Lasting Impressions: Contemporary Printmaking

19 Mar 2013 in Highland, Showcase, Visual Arts & Crafts

An Talla Solais, Ullapool, until 14 April 2013

THE CHAIR of An Talla Solais, Dave Falconer, has been working towards this exhibition for years.

IT CELEBRATES the art of the print, by showcasing work produced by a wide range of artists at two institutions: the Highland Print Studio, in Inverness, and Hot Bed Press, in Manchester. The resulting exhibition is eclectic and enthralling.

Untitled (collograph) by Jan Breckenridge

Untitled (collograph) by Jan Breckenridge

There are many different printing techniques on display, and linocuts sit next to much more high tech prints, without explanation or apology. The show is therefore not an introduction to the methods of print, although if that is your interest, there are workshop opportunities at the gallery while the exhibition is on.

The work of both studios is blended without making it obvious which artists are from which area. Arguably this means that the exhibition misses the opportunity of allowing comparisons to be made, but the result is pleasingly diverse.

The stand-out print is an extraordinary seascape of the Shiant Islands, which is actually formed through clever use of greyscales on a printout of a traditional Hebridean story as told by Ian Stephen in a collaboration between him and artist Emmanuelle Waeckerlé and printer John McNaught. Another Ian Stephen story forms part of a print of Fair Isle, created in collaboration with Christine Morrison.

John McNaught’s own work is also story-based, with brightly coloured cartoons of footballers with associated bizarre tales. These are works that take substantial time to absorb.

Other pieces are much more immediate. My favourites are Katy Spong’s wildlife prints, of which there are two in this show. Roebuck at the Forest Edge is a beautifully atmospheric dusky image, appropriately hung in the corner of the big room in the gallery, as if about to vanish from sight. Arrival is marvellous image of geese landing, their splashing almost audible and their bright red feet making best use of the limited range of colours in the print.

Presumably because of the inking methods used to produce the prints, the use of colour is often limited and several of the artists make wonderful effects with a narrow palette. I particularly enjoyed Carolyn Murphy’s linocuts; the stark green Fern is an effective study of form, Morlich a dramatic black and white shore scene, and the demonic Scottish Shee captures the essence of ram in a few brilliantly chosen marks.

Brian MacBeath uses a few vibrant colours in his starkly simple, strangely beautiful abstracts, and Jane Frere achieves an explosion of raw emotion in her questioning What’s the colour of betrayal?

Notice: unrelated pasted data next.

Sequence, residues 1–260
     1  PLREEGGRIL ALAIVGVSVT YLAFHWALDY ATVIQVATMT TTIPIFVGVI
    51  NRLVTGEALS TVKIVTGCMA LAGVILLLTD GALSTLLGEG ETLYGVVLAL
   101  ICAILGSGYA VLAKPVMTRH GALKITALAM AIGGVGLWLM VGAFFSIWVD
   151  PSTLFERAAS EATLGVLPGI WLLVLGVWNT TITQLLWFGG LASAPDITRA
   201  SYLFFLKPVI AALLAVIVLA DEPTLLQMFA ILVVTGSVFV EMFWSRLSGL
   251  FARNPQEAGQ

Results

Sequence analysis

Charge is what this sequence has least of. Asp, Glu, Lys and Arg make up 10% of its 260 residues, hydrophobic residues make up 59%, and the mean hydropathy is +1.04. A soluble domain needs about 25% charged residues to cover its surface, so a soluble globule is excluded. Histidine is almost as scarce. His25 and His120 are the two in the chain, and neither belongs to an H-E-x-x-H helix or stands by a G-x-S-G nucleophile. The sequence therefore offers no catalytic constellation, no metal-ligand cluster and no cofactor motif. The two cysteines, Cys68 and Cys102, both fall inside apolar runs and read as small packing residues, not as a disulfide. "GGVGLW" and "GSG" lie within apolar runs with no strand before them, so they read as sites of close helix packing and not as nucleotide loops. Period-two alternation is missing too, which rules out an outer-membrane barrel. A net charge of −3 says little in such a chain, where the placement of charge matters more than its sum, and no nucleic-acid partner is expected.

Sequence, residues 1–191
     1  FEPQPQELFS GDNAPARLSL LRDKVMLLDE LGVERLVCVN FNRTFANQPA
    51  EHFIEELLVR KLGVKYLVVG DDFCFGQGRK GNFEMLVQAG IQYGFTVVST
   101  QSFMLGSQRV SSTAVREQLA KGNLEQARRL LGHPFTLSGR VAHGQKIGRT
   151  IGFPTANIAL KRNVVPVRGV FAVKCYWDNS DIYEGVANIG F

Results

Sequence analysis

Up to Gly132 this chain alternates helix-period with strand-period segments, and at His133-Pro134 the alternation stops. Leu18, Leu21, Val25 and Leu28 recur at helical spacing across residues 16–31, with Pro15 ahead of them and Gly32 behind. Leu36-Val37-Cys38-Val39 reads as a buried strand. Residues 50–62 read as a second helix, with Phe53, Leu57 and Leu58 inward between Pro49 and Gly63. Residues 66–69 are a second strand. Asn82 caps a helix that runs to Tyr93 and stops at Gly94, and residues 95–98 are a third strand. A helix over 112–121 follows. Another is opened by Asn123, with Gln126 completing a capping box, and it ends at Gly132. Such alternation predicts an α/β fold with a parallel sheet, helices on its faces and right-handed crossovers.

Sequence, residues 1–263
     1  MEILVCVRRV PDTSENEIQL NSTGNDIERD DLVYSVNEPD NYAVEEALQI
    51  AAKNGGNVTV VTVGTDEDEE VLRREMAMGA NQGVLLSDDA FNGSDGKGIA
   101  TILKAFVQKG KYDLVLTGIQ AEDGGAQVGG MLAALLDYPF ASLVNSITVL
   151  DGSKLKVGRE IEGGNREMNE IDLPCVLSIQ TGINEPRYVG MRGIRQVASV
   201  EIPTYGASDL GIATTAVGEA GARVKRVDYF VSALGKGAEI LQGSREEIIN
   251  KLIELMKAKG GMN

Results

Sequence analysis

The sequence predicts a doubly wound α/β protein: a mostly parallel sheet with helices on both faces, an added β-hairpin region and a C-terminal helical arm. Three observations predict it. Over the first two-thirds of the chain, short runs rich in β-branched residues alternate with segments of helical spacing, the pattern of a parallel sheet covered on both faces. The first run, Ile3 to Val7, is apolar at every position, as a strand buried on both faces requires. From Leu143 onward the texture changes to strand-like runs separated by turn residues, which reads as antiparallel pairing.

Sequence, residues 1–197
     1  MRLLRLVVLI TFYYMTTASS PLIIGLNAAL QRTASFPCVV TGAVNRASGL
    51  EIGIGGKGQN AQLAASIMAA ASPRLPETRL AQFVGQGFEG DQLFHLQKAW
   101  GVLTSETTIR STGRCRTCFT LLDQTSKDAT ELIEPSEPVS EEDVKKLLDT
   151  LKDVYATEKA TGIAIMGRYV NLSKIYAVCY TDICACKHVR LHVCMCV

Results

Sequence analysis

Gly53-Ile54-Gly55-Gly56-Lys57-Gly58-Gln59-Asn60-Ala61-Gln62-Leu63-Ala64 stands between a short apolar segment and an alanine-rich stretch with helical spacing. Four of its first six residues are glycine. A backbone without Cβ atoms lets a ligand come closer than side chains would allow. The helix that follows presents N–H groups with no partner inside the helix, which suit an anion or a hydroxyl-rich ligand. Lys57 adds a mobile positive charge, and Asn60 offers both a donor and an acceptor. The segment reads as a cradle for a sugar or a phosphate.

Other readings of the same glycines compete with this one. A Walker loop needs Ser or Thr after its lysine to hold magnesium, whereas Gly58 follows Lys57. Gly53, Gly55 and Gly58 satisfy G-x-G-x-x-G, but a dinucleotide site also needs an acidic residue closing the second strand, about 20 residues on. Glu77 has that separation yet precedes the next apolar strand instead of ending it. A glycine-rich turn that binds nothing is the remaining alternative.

A piece I kept returning to was Elisabeth Shepherd’s Four Pansies, apparently the same image printed with four different colour combinations, the result a meditation on petal shape and shade. Another piece of hers, In the Country, is also mesmeric, with its delicate ferns, butterflies and orchids in a composition with surprising depth, while Josephine’s Poppies is a stunning burst of red. These are subjects with a real risk of being merely pretty, transformed into pieces that use colour to achieve affects that are both arresting and contemplative.

Some of the artists do amazing things in black and white. Samuel Horsley’s work features strange creatures with mammalian skulls and four legs, but their wiry hair and weird proportions and postures make them somehow both insect-like and full of feeling. Anne Campbell’s screenprint I never enjoyed anything as much as the sheiling is an evocative piece reaching back in time, the printed images and space giving the sense of both memory and forgetting. Irena Przby captures the essence of tree in Frosty Tree, and of water in Flow, and her apparently simple illustrated books of legends and myths use imagery that seems timeless, making best use of print techniques connecting back to early woodcuts.

The show is a fine demonstration of the diversity of effects that can be achieved by transferring images from one surface to another. The constraints of colouration and of the marks possible on the engraved surface often seem to be transformed into methods of achieving emphasis and style. This is an intriguing exhibition. Anyone interested in the potential of print should make their way to Ullapool to see it.

© Mandy Haggith, 2013